Wednesday, 28 December 2016

Alec Empire - Generation Star Wars (1994)

I've always liked the idea of Alec Empire without really having heard much of anything in which he's been involved, I suppose excepting the Sham 69 cover, regarding which I much preferred the original. His name returned to me as I was reading Simon Reynolds' excellent Energy Flash, a history of dance music since acid house and techno; and a few days later I happened across a copy of this, apparently his first full length album.

The first thing that occurred to me as I listened was I could have done this. I own half of the equipment listed on the sleeve, have on occasion faked the rest, and fuck it - there are a few tapes I've done which sound a lot like this stuff so the process is no mystery. Just listening, I can tell exactly how it was done. I was expected to find myself confused, as I often am with the more labyrinthine and technologically baroque production of, for example, Front 242, but no matter; after all, Empire has always been very much in the spirit of punk - not just the aggression and the anti-establishment message, but the hard, raw sound and the DIY attitude - something anyone could have done. This shouldn't be taken as a criticism. There's nothing wrong with simplicity, with taking things back to the rock 'n' roll basics, and when someone curls a lip and sneers I could have done that, the salient point is usually that they nevertheless didn't.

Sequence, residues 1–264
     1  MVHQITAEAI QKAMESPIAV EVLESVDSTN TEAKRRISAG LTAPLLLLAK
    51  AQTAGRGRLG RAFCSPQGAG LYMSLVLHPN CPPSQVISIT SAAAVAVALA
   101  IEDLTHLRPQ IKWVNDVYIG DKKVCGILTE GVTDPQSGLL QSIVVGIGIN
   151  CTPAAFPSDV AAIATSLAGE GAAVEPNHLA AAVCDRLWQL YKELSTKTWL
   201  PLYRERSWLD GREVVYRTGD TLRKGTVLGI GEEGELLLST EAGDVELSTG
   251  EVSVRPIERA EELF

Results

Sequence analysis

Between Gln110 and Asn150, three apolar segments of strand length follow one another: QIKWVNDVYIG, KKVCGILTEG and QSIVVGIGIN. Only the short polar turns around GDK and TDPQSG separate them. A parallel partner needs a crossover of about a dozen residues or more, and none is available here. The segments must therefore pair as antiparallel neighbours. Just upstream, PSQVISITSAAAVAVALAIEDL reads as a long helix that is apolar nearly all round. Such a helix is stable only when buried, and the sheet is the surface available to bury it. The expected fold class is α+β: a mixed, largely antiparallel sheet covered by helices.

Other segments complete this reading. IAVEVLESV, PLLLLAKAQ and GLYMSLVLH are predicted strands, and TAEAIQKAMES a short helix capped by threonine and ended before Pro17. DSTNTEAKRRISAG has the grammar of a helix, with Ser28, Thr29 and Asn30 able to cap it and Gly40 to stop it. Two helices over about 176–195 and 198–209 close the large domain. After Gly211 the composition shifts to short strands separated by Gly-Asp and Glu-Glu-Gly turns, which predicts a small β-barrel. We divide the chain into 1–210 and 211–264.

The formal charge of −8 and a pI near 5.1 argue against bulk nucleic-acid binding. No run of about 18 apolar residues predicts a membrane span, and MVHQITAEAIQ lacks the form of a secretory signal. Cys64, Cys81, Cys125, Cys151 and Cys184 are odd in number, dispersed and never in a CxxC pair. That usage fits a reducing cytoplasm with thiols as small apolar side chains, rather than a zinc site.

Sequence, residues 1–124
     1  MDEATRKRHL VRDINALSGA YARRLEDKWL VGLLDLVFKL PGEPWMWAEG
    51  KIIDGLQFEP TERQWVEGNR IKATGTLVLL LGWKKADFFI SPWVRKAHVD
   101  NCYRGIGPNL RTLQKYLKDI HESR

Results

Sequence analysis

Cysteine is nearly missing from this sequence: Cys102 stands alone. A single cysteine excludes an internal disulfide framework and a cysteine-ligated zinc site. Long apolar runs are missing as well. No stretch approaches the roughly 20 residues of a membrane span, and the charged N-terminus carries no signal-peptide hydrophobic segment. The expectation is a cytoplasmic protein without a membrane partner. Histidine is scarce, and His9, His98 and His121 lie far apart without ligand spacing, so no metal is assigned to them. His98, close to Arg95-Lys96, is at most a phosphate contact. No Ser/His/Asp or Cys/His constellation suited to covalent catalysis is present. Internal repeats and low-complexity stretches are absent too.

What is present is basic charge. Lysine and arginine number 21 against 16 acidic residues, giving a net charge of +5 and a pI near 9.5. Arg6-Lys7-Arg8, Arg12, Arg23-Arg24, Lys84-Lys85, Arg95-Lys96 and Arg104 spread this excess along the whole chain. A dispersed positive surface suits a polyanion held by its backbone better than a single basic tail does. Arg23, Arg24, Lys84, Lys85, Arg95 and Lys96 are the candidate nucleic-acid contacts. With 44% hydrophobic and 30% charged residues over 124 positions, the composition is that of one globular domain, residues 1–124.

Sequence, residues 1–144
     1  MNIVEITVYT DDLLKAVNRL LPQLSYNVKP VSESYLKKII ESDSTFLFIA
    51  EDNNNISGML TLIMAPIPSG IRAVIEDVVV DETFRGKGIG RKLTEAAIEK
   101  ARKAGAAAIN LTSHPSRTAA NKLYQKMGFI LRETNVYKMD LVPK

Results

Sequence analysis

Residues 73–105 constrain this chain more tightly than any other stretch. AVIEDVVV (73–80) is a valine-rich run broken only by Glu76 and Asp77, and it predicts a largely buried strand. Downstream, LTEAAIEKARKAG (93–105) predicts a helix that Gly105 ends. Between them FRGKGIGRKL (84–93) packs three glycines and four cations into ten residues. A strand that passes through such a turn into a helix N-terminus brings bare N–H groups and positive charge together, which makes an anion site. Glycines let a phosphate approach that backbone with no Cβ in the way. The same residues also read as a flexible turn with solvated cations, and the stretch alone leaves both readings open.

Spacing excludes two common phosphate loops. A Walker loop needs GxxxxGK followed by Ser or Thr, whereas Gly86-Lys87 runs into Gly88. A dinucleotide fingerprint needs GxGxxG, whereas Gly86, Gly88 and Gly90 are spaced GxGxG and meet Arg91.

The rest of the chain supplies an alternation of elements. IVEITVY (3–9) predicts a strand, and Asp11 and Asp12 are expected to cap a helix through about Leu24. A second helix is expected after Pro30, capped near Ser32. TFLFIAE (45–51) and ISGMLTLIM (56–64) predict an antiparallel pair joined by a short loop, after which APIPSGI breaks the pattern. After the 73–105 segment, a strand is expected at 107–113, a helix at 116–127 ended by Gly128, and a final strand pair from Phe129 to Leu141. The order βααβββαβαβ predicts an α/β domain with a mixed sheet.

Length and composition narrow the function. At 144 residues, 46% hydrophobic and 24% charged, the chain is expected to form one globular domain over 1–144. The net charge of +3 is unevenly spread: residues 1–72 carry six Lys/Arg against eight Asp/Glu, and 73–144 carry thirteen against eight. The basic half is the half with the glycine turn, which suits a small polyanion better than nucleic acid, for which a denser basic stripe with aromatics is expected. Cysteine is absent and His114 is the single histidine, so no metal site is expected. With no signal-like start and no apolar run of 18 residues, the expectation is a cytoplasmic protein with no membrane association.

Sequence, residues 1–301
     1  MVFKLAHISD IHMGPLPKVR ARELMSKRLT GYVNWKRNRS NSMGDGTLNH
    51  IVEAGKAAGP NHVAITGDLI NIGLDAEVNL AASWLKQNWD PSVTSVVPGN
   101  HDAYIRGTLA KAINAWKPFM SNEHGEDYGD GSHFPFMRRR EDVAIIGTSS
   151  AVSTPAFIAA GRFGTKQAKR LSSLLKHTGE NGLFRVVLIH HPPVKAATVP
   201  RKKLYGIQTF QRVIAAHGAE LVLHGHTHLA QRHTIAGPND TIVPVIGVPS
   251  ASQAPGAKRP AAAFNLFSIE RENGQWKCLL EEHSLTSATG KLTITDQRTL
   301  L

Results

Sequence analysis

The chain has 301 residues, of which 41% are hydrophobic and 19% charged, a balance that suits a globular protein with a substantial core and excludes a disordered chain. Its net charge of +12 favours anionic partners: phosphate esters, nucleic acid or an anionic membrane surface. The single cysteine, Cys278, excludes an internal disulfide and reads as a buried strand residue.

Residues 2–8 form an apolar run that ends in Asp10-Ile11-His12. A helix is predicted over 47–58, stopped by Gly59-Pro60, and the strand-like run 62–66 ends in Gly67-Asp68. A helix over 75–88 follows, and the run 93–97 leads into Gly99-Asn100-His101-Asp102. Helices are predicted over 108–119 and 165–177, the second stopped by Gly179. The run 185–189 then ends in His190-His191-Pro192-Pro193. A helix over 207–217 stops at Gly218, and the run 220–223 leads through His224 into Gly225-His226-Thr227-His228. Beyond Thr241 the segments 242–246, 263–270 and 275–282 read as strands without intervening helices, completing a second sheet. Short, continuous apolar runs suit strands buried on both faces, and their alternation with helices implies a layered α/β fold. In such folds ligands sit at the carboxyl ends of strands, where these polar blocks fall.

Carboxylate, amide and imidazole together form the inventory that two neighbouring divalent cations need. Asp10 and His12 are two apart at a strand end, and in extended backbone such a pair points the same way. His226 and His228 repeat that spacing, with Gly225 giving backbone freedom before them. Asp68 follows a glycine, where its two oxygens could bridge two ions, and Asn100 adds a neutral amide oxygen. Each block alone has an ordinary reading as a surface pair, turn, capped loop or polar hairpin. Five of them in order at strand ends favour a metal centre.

Alec Empire's musical career seems to have been facilitated by the increasingly weird twists taken by all the subdividing strands of dance music in the early nineties, the point at which the disco biscuits ceased to pack a punch and as this particular stretch of the dance floor was getting dark and kind of nasty. There isn't even really a bass line anywhere on this lot because the bass mostly comes from a drum machine shoved through a fuzz pedal or equivalent effect. Consequently Generation Star Wars sounds one hell of a lot like one of those really noisy early Nocturnal Emissions albums - overdriven production line rhythms, distortion, and something more ethereal looping away in the background by way of contrast. I'm not even sure you could dance to this, or at least not all of it, although it would doubtless sound magnificent in a club.